6 Personal Finance Numbers that are Bullshit!

Times are tough, so here’s a set of 6 Handy little rules of thumb, that sound so smart but are so dumb.

4% (the 4% rule)

You could argue all day long about this (and people do!). Try reading the paper on which it was based. But how can you tell now what the maximum you can spend tomorrow and adjusted for inflation for the next 30/40/50 years with 100% certainty?

0% (APR or interest free)

Whether it’s cars or kitchens; there is no such thing as interest free credit. You are just paying for it up front and paying it back in installments. If you are a cash buyer you can often get steep discounts compared to those who can’t. But in some areas (like cars) all the money for the seller is in the selling of finance and not the product. And if you are the sort of person who needs to borrow to afford life’s essentials, you might want to save up before you splash out which brings me on to…

72 (the rule of)

Two investments that pay 4% and 8% respectively. Divide 72 by 4 (or 8) and find out how long it will take to double your money – 18 or 9 years. That’s handy but it’s also not true – the 8% investment may be riskier and return of capital is more important than return of capital. The maths of 72 are correct but don’t forget risk!

3 (month’s contingency fund)

This is often said to be the bedrock of FI to help you cover out of the blue bills – I’ve even heard that for retirees 2 years spending in cash be lying around. Whilst having money available if you need it is important, keeping cash is an opportunity cost. It might be better to invest your money and rely on an arranged overdraft when needed. For example, if you keep £6000 in cash earning 2% that is £120 a year. But that could be invested earning 8% per year (and we won’t even compound that) or £480 a year. If you do need £6000 in a hurry at a usurious 20% APR it would take you over 100 days in the RED before you start to lose money. It’s a question of cashflow at the end of the day.

25 (year mortgages)

When you sign up for a mortgage the typical term is 25 years but these days most mortgage terms last for as long as your mobile phone contract. 2 year teasers are the way to go to avoid being booted off onto the SVR – often doubling interest charges. Of course, if you house goes up in value, you can just remortgage to release your money to spend, just reset that mortgage to 25 years – bonus points if it’s Interest Only!

Half your age%

Pension pundits say that you should be investing in your stakeholder pension at a rate of half your age in percent. A 30 year old should stick 15% of her salary in an a 60 year old should put 30%. Whilst this is easy to remember, it’s too simplistic. First of all, it might be wholly insufficient to live off when you are old (assuming you spend every other penny). Also since pensions are a way of deferring income, maybe you want that money now!!! For lower rate tax payers, an ISA is not much worse than a pension and a LISA might be right. Remember, you can’t retire early off the back of pensions (as I know). Do your own research and work out what’s best for you.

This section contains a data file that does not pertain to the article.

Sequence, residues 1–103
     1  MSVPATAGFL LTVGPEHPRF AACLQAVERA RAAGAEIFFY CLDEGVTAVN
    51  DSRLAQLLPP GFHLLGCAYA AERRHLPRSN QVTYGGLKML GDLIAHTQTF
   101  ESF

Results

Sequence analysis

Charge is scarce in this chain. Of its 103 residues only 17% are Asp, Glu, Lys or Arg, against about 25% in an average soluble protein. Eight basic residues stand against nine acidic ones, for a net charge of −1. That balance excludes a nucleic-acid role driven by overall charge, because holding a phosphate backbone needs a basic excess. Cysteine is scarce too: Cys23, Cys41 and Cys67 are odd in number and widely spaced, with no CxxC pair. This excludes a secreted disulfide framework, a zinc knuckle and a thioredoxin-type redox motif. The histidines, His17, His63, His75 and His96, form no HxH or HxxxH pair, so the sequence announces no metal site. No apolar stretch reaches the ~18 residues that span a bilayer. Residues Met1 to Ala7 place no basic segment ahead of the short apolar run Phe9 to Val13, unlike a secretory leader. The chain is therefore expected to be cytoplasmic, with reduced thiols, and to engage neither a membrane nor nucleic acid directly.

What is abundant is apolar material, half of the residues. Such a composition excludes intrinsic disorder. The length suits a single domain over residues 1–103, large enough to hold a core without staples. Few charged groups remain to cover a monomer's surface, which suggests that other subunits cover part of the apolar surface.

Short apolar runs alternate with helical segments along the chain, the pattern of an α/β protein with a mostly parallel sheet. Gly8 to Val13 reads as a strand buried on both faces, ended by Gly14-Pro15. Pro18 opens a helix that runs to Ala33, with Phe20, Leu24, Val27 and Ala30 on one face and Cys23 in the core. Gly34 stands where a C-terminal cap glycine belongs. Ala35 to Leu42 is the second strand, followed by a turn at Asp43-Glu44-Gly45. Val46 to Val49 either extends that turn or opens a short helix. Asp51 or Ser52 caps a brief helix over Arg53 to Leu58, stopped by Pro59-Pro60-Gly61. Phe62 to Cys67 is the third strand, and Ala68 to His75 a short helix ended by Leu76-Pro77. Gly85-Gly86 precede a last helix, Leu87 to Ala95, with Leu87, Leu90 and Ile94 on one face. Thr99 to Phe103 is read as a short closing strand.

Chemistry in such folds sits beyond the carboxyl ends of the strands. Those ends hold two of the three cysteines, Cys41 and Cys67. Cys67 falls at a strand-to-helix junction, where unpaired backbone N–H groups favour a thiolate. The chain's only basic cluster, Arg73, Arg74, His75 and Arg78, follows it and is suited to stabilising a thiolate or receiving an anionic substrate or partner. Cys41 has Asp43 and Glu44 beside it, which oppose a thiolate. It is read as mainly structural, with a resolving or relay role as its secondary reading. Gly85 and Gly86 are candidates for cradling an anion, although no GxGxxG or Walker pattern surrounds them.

Good luck, GFF


  1. 0% (APR or interest free). There is such a thing for the credit worthy, crafty or downright nefarious.

    The days of cash is king are generally over and often it’s potentially worth taking out finance and then swiftly paying it off.

    Some car dealers only give discounts if you take their finance.

    They don’t like cash as it triggers problematic money laundering checks.

    Liked by 1 person

    1. I agree with you on that.
      The big ticket items that no one can seem to afford are maybe best paid off over 24 months – even if it shoots your credit rating in the foot.

      Paying off a credit agreement early can lead to punitive charges in my experience. Some loans are free to repay at any time but most have a 30/60 day interest penalty charge


      1. I always ask the credit provider if there’s an early settlement fee and then decide accordingly.

        We live in odd times where you can be paid incentives for taking at 0% credit. The provider hopes to gain a return when you exceed the 0% period and the nefarious customer knows full well they will be clearing or flipping the balance before fees are due.

        However, I suspect I’m not a typical customer.

        Happy New Year and I hope your investments have rebounded somewhat.

        Liked by 1 person

  2. When cash flow isn’t in abundance, some of these rules are useful, eg the 0% APR and 3 months’ contingency fund. It was the lack of the latter that led to me to being massively of credit card debt (plus my own stupidity of course) and it was the 0% APR (credit cards) which saved me ultimately and helped me pay off my debts. I’m aiming to build up my 3 month’s fund again, it’s nowhere near £6k, so am happy to forgo any potential advantage I might get from investing.

    I do know of retirees who are sitting on a couple of years’ spending in cash – I’m sure they know that money should be invested but at least they can sleep at night, given the year we’ve had.

    Agree with you on those other ‘rules’ however.

    Liked by 1 person

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